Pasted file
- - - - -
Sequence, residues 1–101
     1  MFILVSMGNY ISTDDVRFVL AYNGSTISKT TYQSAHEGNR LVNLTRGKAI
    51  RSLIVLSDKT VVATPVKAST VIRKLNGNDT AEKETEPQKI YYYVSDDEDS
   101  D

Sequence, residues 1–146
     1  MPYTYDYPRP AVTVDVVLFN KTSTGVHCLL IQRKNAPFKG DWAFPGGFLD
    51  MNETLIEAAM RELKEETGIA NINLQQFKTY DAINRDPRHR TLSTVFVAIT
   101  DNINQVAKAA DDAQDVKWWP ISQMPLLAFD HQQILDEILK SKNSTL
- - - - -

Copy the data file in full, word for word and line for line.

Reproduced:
Sequence, residues 1–101
     1  MFILVSMGNY ISTDDVRFVL AYNGSTISKT TYQSAHEGNR LVNLTRGKAI
    51  RSLIVLSDKT VVATPVKAST VIRKLNGNDT AEKETEPQKI YYYVSDDEDS
   101  D

Sequence, residues 1–146
     1  MPYTYDYPRP AVTVDVVLFN KTSTGVHCLL IQRKNAPFKG DWAFPGGFLD
    51  MNETLIEAAM RELKEETGIA NINLQQFKTY DAINRDPRHR TLSTVFVAIT
   101  DNINQVAKAA DDAQDVKWWP ISQMPLLAFD HQQILDEILK SKNSTL